Landscape as cultural heritage

July 2007 -

"Tell me the kind of landscape you live in and I'll tell you who you are, for landscape forms half of your soul." These words were written by the Spanish philosopher Ortega y Gasset at the start of the last century in Pedagogy of the Landscape. The idea that landscape is inextricably intertwined with cultural heritage is now accepted worldwide. Since 1972 cultural heritage objects and unique landscapes throughout the world have been protected by the Unesco World Heritage Trust.


Nowadays experts frequently refer to these areas as "cultural landscape", a term that also figured prominently in the international Cultural Heritage and Landscape Congress, held in Lima (Peru) at the end of June 2007. The congress focused on landscape that is directly related to one or more cultural monuments, such as the pilgrim's way to Santiago de Compostela. However, landscape itself, which has changed under human influence, can also count as cultural heritage, one excellent example being the ingenious crop irrigation systems built by the pre-Columbian civilisations of the Andes.

You can expect to run into a whole range of problems when you try to protect landscape or territory stretching across many hectares or hundreds of miles. These problems are further exacerbated by global urbanisation and dominant economic interests. While the pyramids of Cheops were being protected against encroaching urbanisation, on the other side of the world the international Panamericana railway was cutting straight across the Nazca lines.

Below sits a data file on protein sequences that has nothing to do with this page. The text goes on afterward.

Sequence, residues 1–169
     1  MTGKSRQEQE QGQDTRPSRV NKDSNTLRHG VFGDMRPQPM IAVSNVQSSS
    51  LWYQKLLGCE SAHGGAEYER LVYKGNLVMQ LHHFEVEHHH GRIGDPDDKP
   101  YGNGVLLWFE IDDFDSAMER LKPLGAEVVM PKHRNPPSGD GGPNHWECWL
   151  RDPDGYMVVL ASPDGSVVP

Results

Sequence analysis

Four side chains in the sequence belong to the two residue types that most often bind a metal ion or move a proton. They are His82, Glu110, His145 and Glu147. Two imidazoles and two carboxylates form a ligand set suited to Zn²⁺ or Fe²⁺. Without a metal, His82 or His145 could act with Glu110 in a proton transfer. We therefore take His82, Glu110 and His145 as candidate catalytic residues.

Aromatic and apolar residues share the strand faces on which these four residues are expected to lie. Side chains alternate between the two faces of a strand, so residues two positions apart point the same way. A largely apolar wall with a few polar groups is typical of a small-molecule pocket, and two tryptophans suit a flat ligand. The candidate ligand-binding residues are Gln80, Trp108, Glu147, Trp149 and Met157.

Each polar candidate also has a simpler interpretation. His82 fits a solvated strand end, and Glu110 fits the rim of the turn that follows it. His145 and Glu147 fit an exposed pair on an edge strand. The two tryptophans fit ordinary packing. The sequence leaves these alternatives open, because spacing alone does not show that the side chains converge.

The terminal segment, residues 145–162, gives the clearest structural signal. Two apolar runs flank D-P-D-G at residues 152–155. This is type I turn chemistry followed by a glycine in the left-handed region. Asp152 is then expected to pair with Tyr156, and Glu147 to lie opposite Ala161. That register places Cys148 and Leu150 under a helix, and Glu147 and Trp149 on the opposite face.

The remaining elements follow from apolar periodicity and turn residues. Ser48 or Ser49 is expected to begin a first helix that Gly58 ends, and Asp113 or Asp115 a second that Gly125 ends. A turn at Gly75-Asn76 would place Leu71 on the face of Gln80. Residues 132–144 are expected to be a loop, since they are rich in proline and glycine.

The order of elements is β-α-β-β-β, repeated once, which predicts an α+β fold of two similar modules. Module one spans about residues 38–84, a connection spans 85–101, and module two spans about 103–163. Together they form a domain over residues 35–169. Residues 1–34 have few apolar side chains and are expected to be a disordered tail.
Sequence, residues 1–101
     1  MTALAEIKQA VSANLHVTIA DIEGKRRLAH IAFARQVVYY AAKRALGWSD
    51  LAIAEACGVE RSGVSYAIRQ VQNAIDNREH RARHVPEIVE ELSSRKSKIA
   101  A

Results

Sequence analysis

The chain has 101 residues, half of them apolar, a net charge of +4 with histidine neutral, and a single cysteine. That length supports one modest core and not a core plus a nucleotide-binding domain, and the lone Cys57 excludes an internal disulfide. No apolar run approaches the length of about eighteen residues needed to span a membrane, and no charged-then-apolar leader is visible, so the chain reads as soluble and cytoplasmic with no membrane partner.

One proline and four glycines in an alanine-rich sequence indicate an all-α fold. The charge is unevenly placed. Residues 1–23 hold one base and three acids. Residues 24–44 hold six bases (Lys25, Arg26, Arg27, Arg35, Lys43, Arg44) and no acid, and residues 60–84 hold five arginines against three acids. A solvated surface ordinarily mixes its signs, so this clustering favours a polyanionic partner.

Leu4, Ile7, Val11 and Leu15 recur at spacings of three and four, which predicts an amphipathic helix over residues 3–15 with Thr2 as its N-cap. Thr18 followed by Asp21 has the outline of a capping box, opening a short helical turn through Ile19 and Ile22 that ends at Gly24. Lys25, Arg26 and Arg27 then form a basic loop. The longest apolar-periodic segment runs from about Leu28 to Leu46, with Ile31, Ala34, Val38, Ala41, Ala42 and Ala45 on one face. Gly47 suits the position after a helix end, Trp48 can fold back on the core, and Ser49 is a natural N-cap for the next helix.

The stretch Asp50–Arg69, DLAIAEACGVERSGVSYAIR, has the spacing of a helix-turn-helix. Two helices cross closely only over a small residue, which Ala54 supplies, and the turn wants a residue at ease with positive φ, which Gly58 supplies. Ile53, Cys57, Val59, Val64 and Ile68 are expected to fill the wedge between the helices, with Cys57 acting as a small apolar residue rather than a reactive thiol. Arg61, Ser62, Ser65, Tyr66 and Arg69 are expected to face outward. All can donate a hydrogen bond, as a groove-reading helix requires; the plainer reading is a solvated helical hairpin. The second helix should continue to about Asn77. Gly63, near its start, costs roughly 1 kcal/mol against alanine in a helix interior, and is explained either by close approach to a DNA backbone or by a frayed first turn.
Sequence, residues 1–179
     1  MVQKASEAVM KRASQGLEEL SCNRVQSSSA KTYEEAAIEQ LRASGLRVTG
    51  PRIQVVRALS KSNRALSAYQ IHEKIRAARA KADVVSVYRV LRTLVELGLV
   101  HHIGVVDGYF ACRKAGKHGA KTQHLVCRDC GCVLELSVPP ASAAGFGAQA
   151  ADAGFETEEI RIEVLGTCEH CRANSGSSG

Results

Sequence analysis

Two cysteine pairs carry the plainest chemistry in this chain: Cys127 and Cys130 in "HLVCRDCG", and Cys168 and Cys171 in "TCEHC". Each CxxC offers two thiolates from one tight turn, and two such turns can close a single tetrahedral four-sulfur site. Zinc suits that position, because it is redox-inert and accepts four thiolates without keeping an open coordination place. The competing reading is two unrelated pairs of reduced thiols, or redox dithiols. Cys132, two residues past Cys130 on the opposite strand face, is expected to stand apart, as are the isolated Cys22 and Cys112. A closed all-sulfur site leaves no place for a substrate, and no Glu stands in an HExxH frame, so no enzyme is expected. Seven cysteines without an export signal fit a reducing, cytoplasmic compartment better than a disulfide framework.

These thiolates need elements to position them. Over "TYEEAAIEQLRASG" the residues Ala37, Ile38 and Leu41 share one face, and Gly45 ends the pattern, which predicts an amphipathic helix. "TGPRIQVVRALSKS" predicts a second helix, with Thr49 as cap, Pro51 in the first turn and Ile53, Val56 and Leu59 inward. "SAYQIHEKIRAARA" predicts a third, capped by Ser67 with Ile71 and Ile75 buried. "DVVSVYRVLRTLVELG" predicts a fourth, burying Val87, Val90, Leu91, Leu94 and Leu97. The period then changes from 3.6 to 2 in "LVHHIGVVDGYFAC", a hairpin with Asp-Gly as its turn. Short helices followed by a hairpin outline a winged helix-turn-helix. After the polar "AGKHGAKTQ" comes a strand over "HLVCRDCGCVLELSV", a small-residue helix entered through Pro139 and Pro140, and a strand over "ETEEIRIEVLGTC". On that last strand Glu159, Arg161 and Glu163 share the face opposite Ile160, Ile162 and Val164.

In many cases the relationship between poverty and under-development speaks for itself. That is why most of the congress participants went to great lengths to stress that without grass-roots support and government responsibility, no institution or international treaty has even a hope of protecting cultural heritage. A sense of community and shared ownership can be encouraged by transforming cultural landscape into public space, where local people feel involved, where governments invest collectively and where businesses engage in sustainable enterprise.